But what is it exactly, how does it all work, and how can I get involved? Let’s take a look.
What is bi-directional charging?
Bi-directional charging is the ability for your car battery to receive energy from the electricity grid and be also able to share the power it generates. There are two main categories:
- Vehicle-to-grid (V2G): energy is exported from the EV charger to support the electricity grid.
- Vehicle-to-home or (V2H): energy is used to power a home or business.
Remind me how EV charging works?
When you charge an EV, the alternating current (AC) it receives from the electricity grid needs to be converted into direct current (DC) to make it the correct format to power a car battery. This happens either through a converter within the car or an external charger.
If you want to use the energy stored in the EV’s battery to power your home or send it back to the grid, the DC electricity from the car must be converted back to AC electricity. That’s done by a bi-directional charger. Bi-directional charging is most effective where solar power supplements electricity because this creates the capacity to generate more energy when the sun is strong.
The advantages of bi-directional charging
- EV batteries can store up to 10 times more power than the standard 7 kWh lithium battery often found in solar photovoltaic systems fitted in residential homes.
- EV owners can receive credits or reduced energy costs through V2G.
- Relieve pressure on the grid during high-demand periods, such as heatwaves.
- Charge vehicles during off-peak hours at the lowest rates while feeding power back into the grid when the energy rates are highest and reduce your overall energy costs.
- The EV battery can help reduce your reliance on the grid, especially when combined with rooftop solar panels.
- New business models and partnerships increase the use of renewable energy and sell excess power back to the grid.
Disadvantages of Bi-directional charging
- There’s only a limited number of wall boxes on the market which means a lack of competition in price and choice.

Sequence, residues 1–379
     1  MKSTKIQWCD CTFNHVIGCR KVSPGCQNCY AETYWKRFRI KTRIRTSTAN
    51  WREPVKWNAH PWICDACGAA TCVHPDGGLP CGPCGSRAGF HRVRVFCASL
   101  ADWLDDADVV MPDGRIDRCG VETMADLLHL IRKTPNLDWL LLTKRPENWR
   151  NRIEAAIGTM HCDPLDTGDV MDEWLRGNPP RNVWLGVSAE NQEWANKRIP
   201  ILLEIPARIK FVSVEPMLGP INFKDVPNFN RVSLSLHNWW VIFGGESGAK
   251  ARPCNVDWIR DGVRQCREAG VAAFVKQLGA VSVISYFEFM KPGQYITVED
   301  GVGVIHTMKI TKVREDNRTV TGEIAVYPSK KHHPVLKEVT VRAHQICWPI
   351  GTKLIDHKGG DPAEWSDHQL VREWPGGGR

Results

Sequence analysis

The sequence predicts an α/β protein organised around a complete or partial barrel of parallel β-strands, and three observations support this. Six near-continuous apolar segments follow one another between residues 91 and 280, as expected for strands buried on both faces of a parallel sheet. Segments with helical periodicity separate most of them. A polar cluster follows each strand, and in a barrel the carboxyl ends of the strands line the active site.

- Higher cost than a standard EV charger. For example, a Wallbox Pulsar Plus costs €619 ($699), while the original Quasar1 was priced at €3200 ($3,637).
- Currently, you are only at an advantage if you charge at home or with a dedicated workplace charger.
- Excess use of car batteries could cause premature aging.
- Security problems plague EV chargers. Do we want to spread the risk to people’s homes or the grid?
Ok, so I have an EV and an EV charger. Can I get on board?
There’s a catch. Both your EV and your charger need bi-directional charging capabilities.
As of February 2022, the only vehicles in the wild right now with bi-directional charging capabilities are:
- Nissan LEAF.
- Nissan e-NV200.
- Mitsubishi Outlander plug-in hybrid.
However, this year, we can expect to see the capability in most new EVs, including:
- Lucid Air.
- Ford F-120.
- The Volkswagen ID range.
- Hyundai’s Ioniq 5 and Kia EV6.
- Tesla’s entire range of cars.
You also need a charger capable of bi-directional charging.
Energy management company Wallbox recently launched Quasar 2, the first bi-directional charger for home use.
I asked the company about vehicle compatibility. A representative of the business told me that the company follows standards like ISO 15118, which define bi-directional charging for CCS compatible vehicles.
In other words, Quasar2 is designed to align with new standards and next-generation EVs, including Ford, Hyundai, and Volkswagen.
Solar power is a game-changer
One of the most interesting trends to watch is the implementation of wall boxes which also capture photovoltaic (solar) energy.
Earlier this month, Ford unveiled its partnership with solar company Sunrun. Based on an average US home at 30 kilowatt-hours of use per day, a F-150 Lightning pickup with an extended-range battery provides full home power for up to three days, or as long as 10 days when used in conjunction with solar energy or rationing.
In the future, Ford Intelligent Power will allow customers to power their homes with their truck’s battery when electricity rates are higher, and charge the truck when rates are lower — or from their own solar-powered rooftop.
In the Netherlands, the region of Utrecht is utilizing energy generated through electric vehicle charging, with 500 bi-directional charging stations available to the public.
SolarEV maker Sono Motors is providing 100 Sion solar electric vehicles which will be charged sustainably and deliver excess energy back into the grid in one of the first large-scale use cases of bi-directional charging in the megawatt range.
We are yet to see the full extent of bi-directional charging’s capabilities. While the initial cost of hardware might be steep, it’s an investment that will equip us to have more control over how we store and consume power. That’s good news for our electric infrastructure, and for vehicle owners at large.